Last updated: December 27, 2020
The heart is a muscular organ that circulates blood throughout the body. The series of pressure changes that take place within the heart collectively form a cardiac cycle. The heart has four chambers; right and left atria and ventricles. The atrioventricular valves are present on the floor of atria which empty into ventricles. However, semilunar valves separate ventricles from the aorta and pulmonary trunk (i.e, great arteries). These pressure changes are caused by the movement of blood in the heart itself and the whole body. There are two main events in the cardiac cycle systole and diastole. Systole represents the ventricular ejection or contraction while diastole is characterized by ventricular filling1. These both occur in the heart but with very different pressures. When systole begins mitral and tricuspid valves are closed2. In this stage of the cardiac cycle, the ventricles contract and force the blood into the arteries. Systole ends with the closure of the aortic valve when the blood has been passed to the aorta from where it is sent to the rest of the body.
A cardiac conduction system is mainly a group of specialized muscle cells of the cardiac walls that send electrical signals or impulses to the cardiac muscles and as a result of these signals heart contracts. Cardiac muscles are tiny cells that form the cardiac electrical system which controls the timing of a person’s heartbeat by sending electrical impulses through these cells3. SA node and AV node are the main components of the heart’s conduction system. SA node (sinoatrial node) is a group of cells at the upper wall of the right atrium. The electrical signals start from the sinoatrial node then travel down through the heart triggering both atria (upper chambers of the heart) to contract. This signal consequently passes to the atrioventricular (AV) node through the bundle branches and Purkinje fibers which causes ventricles (lower chambers of the heart) to contract4. The sinoatrial node is considered as the pacemaker of the heart while the AV node is considered as a pacesetter. These signals produce an electrical that can be seen in a graphical form known as Electrocardiogram (EKG or ECG). In a healthy heart, the signals travel quickly allowing smooth contractions in an orderly fashion. Any disturbance in this electrical pathway causes arrhythmia (i.e irregular heartbeats).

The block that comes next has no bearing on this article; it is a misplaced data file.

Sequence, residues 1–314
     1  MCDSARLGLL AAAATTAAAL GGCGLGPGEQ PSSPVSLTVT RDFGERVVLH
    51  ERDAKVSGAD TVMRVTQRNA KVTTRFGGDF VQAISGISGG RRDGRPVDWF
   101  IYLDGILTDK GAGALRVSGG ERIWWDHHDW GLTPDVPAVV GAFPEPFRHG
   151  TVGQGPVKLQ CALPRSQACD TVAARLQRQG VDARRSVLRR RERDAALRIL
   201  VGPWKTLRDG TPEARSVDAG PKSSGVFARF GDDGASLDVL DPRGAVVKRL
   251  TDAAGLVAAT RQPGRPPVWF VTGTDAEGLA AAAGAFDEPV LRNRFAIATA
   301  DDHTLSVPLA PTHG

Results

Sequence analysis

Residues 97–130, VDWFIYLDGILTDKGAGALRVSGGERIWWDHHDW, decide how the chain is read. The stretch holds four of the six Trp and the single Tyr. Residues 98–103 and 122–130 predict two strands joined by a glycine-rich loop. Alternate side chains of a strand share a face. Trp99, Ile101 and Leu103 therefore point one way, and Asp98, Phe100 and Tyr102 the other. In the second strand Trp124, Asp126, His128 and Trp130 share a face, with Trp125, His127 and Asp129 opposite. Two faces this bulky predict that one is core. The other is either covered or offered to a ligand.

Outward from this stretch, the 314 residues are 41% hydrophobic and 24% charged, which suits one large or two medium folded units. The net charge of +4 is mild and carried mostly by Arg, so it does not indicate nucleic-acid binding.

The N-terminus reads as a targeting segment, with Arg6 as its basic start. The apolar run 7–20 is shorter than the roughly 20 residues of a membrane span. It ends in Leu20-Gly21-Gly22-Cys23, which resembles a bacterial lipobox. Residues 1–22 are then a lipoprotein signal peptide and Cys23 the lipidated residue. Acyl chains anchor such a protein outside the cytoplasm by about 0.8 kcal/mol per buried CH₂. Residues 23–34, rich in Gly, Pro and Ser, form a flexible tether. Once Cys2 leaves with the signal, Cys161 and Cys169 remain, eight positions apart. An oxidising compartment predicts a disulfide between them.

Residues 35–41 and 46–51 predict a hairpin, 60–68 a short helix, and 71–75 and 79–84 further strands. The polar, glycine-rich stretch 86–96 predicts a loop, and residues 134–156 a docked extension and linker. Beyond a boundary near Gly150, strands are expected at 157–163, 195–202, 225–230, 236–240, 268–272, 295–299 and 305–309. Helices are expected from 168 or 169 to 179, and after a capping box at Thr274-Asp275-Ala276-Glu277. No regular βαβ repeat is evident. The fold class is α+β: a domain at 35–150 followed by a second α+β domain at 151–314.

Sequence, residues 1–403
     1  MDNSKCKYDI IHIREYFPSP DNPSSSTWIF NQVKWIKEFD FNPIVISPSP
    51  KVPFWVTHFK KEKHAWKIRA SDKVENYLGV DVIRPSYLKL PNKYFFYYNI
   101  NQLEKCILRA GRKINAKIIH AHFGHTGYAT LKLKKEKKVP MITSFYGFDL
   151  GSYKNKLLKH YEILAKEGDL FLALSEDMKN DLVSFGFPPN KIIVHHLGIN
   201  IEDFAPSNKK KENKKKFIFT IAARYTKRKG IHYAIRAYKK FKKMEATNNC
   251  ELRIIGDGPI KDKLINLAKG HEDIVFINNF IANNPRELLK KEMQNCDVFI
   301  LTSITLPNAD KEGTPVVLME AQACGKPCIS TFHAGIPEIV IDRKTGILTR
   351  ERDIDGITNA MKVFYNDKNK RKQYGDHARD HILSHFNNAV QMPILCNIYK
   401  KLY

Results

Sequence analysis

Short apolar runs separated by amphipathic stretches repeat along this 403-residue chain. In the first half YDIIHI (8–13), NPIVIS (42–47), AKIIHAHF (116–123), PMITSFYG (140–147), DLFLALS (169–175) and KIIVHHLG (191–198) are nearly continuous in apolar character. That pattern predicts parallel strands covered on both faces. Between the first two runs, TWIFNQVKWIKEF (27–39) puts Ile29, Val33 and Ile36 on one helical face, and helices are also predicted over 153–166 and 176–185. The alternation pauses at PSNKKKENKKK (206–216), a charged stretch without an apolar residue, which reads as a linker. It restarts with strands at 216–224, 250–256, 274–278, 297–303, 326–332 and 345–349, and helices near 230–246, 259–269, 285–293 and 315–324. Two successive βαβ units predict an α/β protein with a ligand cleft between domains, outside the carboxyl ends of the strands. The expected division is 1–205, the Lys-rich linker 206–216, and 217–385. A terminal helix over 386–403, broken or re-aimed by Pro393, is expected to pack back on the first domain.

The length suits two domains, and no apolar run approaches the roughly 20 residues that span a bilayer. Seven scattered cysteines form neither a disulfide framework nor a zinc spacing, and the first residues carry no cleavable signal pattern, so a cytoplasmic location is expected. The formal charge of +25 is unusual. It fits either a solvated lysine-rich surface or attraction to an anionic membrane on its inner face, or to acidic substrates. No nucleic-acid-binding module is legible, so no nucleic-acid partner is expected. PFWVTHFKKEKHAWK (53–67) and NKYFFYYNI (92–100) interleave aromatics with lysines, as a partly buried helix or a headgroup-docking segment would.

Inferior position refers to a structure situated in, or towards the hind part. Referring to the body’s vertical axis, the parts located above the others are superior and conversely, the ones located below the others are said to be inferior5. The foot is located on the lower extremity. The foot is located inferior to the hip, conversely hip is superior to the foot. The foot is inferior to the knee. Distal position refers to the parts of the body farthest away from the point of origin or the trunk of the body. These are the parts of the body that are located away from the torso6. The foot is distal to the hip, such as the hand is located at the distal end of the forearm.
The blood pressure in the right atrium of the heart is termed as right atrial pressure (abbreviated as RAP). RAP reflects the ability of the heart to pump the blood into the arterial system and refers to the amount of blood returning to the heart. The stretch of the right ventricle depends upon the right atrial pressure, which determines the output of the right heart, consequently affecting the left heart output. Thus, RAP sets the cardiac output (i.e, the output of the left heart) which sets the RAP through interaction with the vasculature. Elevated RAP refers to the increased amount of blood returning to the heart than normal. Normal right atrial pressure ranges from 2–5mmHg. The increased pulmonary vascular resistance to the flow of blood leads to right heart failure and increased RAP. Cardiac catheterization is a procedure to measure right atrial pressure, independent of the risk for mortality. Right atrial pressure more than the normal range is considered to be elevated and needs to be treated by a medical professional7.
An exercise stress test is a cardiovascular stress test that uses exercise with blood pressure monitoring and electrocardiography (ECG). The exercise stress test is usually performed using a bicycle or treadmill with exercise protocol8. This test is performed under the supervision of a trained medical professional in a designated lab. Emergency resuscitation drugs and equipment are readily available. It is used to detect a decreased blood flow to the heart due to constriction and narrowing in the coronary arteries. A normal stress test results only show that there is no blockage in a significant coronary artery. The development of chest pain during an exercise has a great diagnostic impact. Discomfort and chest pain is usually caused by decreased blood flow to the heart9.